Could Your Shaky Personal Finances Get You Fired?

Work office money issues
Work office money issues

Money troubles are hard to contain, and if your own finances are in shambles, the problems can quickly bleed through to the rest of your life. As private as you hope to keep such issues, don't kid yourself into thinking that you can hide them from your employer.

According to a recent study by the Society for Human Resource Management, some 83% of HR professionals think that personal financial challenges have at least some impact on employees' performance. Those same HR professionals aren't blind to economic reality -- 80% of them believe that employees at their organizations are facing more financial challenges than they were five years ago.

And it's not a stretch to connect the dots: How you manage your own money can have an impact on the work you do for your company.

Why HR Is Worried

Human resources managers worry about more than just employee well-being. The well-being of the company matters to them, too. If they suspect an employee's financial situation is challenging, you can bet that they've got at least one eye out for the risks that employee may pose to the company.

Though the consequences are unpleasant, the logic is fairly straightforward: If someone can't maintain control of their own financial situation when their personal money is on the line, what would make them motivated to be a better steward of the company's money belonging to nameless and faceless shareholders?

That said, at most companies, having personal money troubles are not a fire-able offense. But if your performance is slipping, the odds are slim that your boss will pick you for the next available role of increasing responsibility. If the company also has reason to believe money troubles are behind your performance slippage, you can expect significantly tighter scrutiny on whatever areas you do have any individual discretion over.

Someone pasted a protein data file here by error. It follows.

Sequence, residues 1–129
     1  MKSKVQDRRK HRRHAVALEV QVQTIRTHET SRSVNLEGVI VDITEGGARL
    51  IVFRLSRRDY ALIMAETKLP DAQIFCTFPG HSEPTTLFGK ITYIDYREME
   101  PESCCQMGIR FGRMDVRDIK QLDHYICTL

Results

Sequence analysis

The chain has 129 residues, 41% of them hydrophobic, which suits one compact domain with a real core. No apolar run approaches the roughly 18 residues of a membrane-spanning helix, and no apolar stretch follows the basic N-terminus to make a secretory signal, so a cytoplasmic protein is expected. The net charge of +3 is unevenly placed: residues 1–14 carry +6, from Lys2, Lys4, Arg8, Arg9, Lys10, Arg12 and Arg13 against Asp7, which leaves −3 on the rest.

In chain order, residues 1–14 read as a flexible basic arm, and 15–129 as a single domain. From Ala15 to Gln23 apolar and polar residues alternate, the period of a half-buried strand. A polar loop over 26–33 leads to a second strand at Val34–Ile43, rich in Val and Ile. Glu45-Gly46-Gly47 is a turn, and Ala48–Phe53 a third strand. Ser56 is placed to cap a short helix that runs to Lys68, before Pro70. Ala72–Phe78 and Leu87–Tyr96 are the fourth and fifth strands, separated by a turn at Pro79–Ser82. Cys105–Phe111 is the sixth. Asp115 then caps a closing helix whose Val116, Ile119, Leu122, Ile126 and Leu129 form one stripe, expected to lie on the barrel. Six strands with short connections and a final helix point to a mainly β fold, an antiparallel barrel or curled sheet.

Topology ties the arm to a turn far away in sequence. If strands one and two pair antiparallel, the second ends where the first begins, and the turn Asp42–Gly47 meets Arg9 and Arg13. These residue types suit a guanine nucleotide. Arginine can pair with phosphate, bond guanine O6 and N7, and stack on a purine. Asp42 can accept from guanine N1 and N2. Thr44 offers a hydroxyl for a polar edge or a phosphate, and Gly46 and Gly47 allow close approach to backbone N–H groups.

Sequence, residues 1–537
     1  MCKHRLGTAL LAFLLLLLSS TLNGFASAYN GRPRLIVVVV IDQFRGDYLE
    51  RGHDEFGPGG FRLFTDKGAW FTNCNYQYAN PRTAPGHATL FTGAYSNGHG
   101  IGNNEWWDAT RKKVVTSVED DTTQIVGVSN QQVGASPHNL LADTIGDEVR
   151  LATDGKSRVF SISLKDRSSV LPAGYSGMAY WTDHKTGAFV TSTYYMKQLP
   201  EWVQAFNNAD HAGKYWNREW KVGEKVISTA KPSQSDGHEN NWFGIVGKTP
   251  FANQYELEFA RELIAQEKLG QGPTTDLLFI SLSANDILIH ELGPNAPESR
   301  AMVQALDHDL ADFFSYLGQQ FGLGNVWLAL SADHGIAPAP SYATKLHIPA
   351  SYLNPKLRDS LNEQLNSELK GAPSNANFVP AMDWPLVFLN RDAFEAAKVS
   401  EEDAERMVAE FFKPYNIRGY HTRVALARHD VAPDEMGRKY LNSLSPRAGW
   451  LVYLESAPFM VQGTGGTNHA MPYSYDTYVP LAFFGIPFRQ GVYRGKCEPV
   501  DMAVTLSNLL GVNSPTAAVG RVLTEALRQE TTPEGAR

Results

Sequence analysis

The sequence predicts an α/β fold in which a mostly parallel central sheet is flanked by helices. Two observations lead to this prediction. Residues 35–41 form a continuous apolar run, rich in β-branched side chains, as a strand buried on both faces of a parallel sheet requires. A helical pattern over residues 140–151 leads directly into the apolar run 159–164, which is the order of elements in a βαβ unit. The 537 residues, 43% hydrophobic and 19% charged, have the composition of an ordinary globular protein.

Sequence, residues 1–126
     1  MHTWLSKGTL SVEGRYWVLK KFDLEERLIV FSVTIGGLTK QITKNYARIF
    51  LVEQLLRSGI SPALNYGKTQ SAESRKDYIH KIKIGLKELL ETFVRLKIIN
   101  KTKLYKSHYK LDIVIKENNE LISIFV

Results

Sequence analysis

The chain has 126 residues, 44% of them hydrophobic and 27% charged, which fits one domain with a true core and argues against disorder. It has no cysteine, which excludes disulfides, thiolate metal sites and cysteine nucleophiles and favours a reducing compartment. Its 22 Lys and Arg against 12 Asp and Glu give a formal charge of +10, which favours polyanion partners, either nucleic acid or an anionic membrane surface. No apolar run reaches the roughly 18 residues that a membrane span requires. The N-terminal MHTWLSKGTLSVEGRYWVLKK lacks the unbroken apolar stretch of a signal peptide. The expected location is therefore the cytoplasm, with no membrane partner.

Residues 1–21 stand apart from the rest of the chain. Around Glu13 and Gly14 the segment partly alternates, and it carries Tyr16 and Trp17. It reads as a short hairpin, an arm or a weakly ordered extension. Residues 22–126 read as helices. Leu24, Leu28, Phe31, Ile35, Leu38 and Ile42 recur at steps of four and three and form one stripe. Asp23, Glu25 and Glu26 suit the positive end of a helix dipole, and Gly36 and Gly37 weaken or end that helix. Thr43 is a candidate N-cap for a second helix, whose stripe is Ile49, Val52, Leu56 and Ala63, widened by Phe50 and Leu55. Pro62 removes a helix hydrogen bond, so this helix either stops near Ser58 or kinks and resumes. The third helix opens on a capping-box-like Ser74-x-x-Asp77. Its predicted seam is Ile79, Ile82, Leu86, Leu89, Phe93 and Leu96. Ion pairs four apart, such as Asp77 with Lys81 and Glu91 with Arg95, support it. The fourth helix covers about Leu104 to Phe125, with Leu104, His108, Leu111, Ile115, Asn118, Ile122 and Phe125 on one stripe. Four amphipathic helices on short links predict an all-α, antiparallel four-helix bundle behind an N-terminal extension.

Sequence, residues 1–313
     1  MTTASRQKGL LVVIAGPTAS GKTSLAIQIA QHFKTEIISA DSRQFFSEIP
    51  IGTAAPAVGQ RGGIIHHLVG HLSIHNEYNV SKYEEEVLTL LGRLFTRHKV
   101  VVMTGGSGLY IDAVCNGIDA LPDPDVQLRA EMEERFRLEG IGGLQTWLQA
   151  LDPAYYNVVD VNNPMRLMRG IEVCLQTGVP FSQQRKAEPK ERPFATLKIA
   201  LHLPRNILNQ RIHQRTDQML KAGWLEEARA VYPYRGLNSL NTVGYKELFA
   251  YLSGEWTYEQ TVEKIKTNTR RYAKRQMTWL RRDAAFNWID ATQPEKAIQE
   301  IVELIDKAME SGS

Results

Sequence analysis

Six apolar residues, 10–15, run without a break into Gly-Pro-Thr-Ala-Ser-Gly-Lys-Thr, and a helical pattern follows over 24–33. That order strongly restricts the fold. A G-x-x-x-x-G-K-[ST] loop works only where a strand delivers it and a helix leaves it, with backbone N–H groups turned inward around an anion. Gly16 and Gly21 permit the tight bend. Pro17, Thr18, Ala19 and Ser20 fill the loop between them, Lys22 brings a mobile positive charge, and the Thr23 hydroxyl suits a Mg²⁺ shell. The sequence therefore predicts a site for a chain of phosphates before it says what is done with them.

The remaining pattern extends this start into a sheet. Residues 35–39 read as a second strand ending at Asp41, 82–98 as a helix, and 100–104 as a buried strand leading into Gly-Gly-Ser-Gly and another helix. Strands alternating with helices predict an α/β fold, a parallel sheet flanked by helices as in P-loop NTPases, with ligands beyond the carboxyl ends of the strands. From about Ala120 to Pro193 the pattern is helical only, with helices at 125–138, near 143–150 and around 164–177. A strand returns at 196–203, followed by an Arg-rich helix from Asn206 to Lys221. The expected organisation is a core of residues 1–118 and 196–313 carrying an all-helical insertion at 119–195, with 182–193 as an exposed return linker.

Anatomy of a Career Death Spiral

Limited advancement opportunities. Higher likelihood of being micromanaged. And the generally lower raises that come with being viewed as anything other than a rock-star performer these days.

These aren't exactly the ingredients for fast job advancement -- or even a very satisfying career. But it's the negative spiral of what can happen at work for those with money troubles at home that spill over to affect job performance. And that's assuming the employee remains a paragon of ethics and virtue.

Is it fair to have career troubles just because you're having money troubles at home? Probably not, but speaking frankly, whether it's "fair" or not doesn't really matter. It is what it is.

Those who actually do cross the line into downright illegal behavior shouldn't expect to remain employed for very long, especially if they've already been flagged as a financial risk and are being closely watched.

Of course, your best shot at avoiding that particular career death spiral is to be so in control of your money that nobody has any reason to suspect you're having troubles. However, if you are dealing with financial hardship, there is plenty you can do to keep your at-work performance and reputation intact.

Stop Showing Off

If you are having money troubles, the first step toward regaining control is to stop trying to put on flashy displays of wealth you don't really have. You're neither fooling nor impressing anybody by showcasing your spending, and your employer already knows what you make. Spending money faster than your boss knows you're earning it is a major red flag and can actually invite more scrutiny, not less.

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You still need to dress appropriately for your job and to maintain reliable transportation to get you to and from work. But a $21,000 Kia Optima -- or even a reliable used car -- should be able to get you to work just as well as a $173,000 Porsche Panamera Turbo S. And, a reasonably priced ride won't raise the overt question of how you could possibly afford it on your salary.

Even in less instantly obvious ways, getting in control of your finances is largely a matter of understanding -- and making tough choices -- on how and where you spend your cash. Brown-bagging your lunch can easily save you between $20 and $40 a week versus eating out, and home-brewed coffee instead of a couple daily cups from the coffee shop can have a similar impact.

No matter how you choose to cut back, doing so will help you get in control of your finances. And with control over your finances, you'll gain the opportunity to stop the career death spiral that otherwise threatens to turn some short-term cash flow issues into a serious long-term problem.

Ultimately, in the long run, being a strong steward of your own cash gives you many more opportunities elsewhere. In the short term, especially in this employment market, it will help you keep and move forward in the job you have today.